Spaniards, permit, bonefish, GTs and mulloway – all have been recorded from Fraser's ocean beach and headlands during the last 12 months. You can add in tailing goldies and queenfish from the western beach to make the list even more impressive.
Of course, a number of these species are targeted successfully by specialist sportfishers but most angling activity on the island centres around the annual tailor run in late winter and spring, and the bread and butter species of dart, bream, tarwhine, whiting and flathead.
With cooler weather on the way, tarwhine should become more regular catches along the ocean beach. Most will be taken around the coffee rocks at Poyungan, Yidney, Chard Rocks and Ngkala but the larger gutters will also hold them. The northern faces of both Indian Head and Waddy Point can also be productive. Tarwhine are often associated with bream to which they have some resemblance. For legalities they are grouped with bream, even though they are not closely related, in having a common legal length of 25cm and a combined bag limit of 30. That means it’s fine to keep, say, 16 tarwhine and 14 bream, but not 30 of each.
Bream also favour rocky country and deep gutters and to some extent they also compete with tarwhine for food. Although both will take the usual beach baits of pipis and worms, bream often show a preference for flesh baits like half WA pilchards or whole small blue or white pilchards. Tarwhine rarely take pilchards readily.
The latest reports from the ocean beach are encouraging with plenty of dart and whiting being taken. Water clarity has been excellent despite a succession of strong winds that might suggest otherwise. Inshore water clarity seems to have a significant influence on Fraser Island's beach fishing. It seems to me that most species are reluctant to move right in when there is a great degree of turbidity. I must confess I don’t fully understand what causes this turbidity or why. Hopefully the clear conditions will persist and we can look forward to some great beach fishing throughout the coming months leading up to the start of the tailor season in July.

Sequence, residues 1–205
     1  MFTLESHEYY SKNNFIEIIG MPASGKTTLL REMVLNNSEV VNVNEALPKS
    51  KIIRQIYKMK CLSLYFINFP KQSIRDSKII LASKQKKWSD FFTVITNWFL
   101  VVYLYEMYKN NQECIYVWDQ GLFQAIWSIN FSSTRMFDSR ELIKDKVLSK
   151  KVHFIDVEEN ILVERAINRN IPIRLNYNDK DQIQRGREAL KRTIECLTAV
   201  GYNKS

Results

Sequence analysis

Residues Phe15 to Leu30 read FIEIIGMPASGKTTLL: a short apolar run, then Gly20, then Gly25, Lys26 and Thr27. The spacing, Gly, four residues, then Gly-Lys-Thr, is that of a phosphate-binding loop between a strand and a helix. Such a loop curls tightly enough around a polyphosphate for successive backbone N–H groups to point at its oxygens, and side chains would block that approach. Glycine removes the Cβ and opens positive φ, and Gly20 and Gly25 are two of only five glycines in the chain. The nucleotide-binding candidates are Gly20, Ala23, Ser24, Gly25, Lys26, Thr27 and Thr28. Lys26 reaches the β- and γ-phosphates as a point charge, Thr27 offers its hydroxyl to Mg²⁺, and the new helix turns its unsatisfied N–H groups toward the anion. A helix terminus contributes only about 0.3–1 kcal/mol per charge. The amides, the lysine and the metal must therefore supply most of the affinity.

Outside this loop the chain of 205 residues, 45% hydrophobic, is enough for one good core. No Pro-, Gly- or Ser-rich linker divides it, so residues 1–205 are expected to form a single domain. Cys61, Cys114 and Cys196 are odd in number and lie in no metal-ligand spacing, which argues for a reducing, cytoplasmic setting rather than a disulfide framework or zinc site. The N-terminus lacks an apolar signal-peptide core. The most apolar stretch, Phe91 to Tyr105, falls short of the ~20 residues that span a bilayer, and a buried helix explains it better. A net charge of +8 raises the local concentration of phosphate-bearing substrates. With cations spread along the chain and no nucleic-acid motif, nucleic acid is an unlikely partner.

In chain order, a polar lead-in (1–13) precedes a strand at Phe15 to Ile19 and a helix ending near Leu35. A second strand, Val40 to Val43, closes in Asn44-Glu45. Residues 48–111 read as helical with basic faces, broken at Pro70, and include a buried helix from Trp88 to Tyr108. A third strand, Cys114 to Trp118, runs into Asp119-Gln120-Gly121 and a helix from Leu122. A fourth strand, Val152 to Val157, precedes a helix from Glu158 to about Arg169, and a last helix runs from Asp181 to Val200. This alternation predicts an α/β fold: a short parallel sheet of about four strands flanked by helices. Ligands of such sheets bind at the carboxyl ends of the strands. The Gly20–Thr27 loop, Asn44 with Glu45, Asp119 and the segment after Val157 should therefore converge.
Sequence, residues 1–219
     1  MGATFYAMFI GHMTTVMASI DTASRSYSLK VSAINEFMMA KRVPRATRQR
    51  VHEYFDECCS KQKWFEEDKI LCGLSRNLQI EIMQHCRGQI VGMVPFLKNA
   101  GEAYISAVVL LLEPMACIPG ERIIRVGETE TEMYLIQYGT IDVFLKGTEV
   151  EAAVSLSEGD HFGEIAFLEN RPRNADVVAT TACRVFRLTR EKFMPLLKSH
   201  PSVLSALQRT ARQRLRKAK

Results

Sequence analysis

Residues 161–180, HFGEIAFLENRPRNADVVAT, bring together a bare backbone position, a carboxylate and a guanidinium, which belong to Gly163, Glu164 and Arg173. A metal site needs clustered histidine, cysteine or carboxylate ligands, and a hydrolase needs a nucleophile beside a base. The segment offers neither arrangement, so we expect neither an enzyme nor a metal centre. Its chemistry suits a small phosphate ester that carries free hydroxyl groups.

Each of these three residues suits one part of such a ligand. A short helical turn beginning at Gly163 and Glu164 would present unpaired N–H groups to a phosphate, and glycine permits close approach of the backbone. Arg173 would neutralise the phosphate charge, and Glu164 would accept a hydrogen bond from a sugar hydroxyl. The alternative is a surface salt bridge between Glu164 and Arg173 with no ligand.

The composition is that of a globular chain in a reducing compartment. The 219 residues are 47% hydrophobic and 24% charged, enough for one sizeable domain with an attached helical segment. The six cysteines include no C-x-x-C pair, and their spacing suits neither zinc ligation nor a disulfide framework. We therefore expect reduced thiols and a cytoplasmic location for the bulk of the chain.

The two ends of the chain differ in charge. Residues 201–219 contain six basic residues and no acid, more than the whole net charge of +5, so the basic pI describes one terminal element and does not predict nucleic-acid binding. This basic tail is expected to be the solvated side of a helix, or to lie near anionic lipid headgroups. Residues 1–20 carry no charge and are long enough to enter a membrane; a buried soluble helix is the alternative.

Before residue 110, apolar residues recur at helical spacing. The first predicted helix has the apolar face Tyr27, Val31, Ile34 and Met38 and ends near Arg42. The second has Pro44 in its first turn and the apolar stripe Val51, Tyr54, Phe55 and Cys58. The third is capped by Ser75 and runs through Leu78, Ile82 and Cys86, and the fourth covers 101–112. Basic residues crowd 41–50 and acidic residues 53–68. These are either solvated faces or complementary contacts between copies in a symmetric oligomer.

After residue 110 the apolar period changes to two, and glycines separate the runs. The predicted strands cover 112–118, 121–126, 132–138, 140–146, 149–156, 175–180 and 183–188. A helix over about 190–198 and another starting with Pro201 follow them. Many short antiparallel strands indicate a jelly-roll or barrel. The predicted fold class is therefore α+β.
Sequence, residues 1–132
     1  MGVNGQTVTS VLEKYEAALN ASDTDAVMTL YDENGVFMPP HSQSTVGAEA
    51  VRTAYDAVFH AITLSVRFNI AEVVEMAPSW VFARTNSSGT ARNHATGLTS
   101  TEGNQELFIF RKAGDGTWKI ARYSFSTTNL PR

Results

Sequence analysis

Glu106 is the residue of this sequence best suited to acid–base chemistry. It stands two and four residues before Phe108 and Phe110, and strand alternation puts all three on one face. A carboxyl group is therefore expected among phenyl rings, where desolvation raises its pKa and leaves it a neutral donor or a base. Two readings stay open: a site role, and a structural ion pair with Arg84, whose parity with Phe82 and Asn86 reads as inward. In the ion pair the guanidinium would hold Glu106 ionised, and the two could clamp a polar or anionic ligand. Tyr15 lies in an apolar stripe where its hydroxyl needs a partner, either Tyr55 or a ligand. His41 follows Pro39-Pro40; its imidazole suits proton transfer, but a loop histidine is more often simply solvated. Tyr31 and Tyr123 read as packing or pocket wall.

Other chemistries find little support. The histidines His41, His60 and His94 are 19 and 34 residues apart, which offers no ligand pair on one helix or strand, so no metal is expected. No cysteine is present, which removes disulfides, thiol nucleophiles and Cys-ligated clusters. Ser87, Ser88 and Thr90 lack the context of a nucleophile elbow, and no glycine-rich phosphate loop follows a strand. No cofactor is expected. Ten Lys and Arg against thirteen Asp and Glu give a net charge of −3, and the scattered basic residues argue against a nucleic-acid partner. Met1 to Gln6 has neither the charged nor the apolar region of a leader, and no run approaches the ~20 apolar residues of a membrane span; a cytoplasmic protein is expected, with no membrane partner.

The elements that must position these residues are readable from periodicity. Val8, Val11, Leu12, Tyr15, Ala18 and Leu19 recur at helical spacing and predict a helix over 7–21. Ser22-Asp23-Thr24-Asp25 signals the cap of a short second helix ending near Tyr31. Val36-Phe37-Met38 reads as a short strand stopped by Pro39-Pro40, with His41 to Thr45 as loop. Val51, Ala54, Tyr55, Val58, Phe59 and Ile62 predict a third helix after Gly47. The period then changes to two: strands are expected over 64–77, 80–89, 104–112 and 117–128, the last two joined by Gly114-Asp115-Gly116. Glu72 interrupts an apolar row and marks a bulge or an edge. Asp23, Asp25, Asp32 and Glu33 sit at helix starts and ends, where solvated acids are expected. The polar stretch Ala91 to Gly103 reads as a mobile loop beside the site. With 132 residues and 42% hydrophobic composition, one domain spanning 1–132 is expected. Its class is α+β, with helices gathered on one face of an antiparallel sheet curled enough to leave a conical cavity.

Following up on last month's report on the apparent use of the North Wathumba track, I have nothing more to add except that officially the road is closed. Other cross-island roads remain open but the pronged dry weather will not improve their condition.
In the last few months we have been looking at land-based fishing opportunities around Hervey Bay's city foreshores. To complete the journey, we head south to River Heads, at the mouth of the Susan and Mary rivers. Most of these foreshores are lined with mangroves and shallow mud and sand banks with some low rocky areas. They are not the most hospitable foreshores for an easy fishing outing, but there are still some potentially worthwhile opportunities to be had. The road from Urangan to River Heads follows Elizabeth Street, Booral Road and River Heads Road. Just before reaching the airport, Beck Road and Island View Road, branch off Booral Road to the left and lead directly to points where the foreshore can be accessed. From here there are two options. If the tide is low walk out to the rocky gutters and follow them as the tide moves. I should emphasize that good footwear is essential. Whiting, bream and flathead are all likely captures. The other option is to fish over the top of the tide, in particular working around the mangroves as fish move in to feed.
Between here and River Heads, there are few other worthwhile spots to try. In my column in the September edition I had something to say about fishing at River Heads, mostly from the boater's perspective. Land-based fishing here is really restricted to the rocky foreshores in the vicinity of the ramps and parking areas and, to some extent, a little further upstream from the inside ramp. All of these areas are rocky and often very slippery so you need to be suitably prepared. Bream are plentiful during the winter spawning season. The ledges between the barge ramp and the green beacon fish well particularly well at night. Catches of chopper tailor and school mackerel are also made during winter days. Upstream from the inner ramp, rock ledges produce some opportunities for flathead fishing.
One more little thing to remember: River Heads is sometimes known as Sandfly City, so be prepared. That's about it for our land based tour. I hope it brought some results for you.
Hervey Bay’s shallow reefs fished well this summer, on the quite rare days when it hasn’t been blowing at least 20 knots from the north. Frequent southerlies of a similar strength don’t make things much easier but at least it is possible to find a fairly sheltered reef.
Coral bream (grass sweetlip) have been of a much better quality than we have seen for years while big blackall have been down in numbers. Anglers using rock crab bait have been having some excitement with blueys (black-spot tuskfish). Small snapper (squire) can be a pest in the shallows with few making the 35cm limit, but this season it has been common to keep the bag limit of 4 legal fish.
Moses perch have always been expected in a mixed catch on the reef, but this year they have been not only abundant but of a respectable quality as well. They have been prolific, particularly just before and just after dusk. So prolific, in fact, that coral bream rarely have a chance of finding a bait. Like their close relative the mangrove jack, moses perch will attack just about any artificial that is presented. They are exceptional as table fare, and the minimum legal length is 25cm with a bag limit of 5.Reads: 786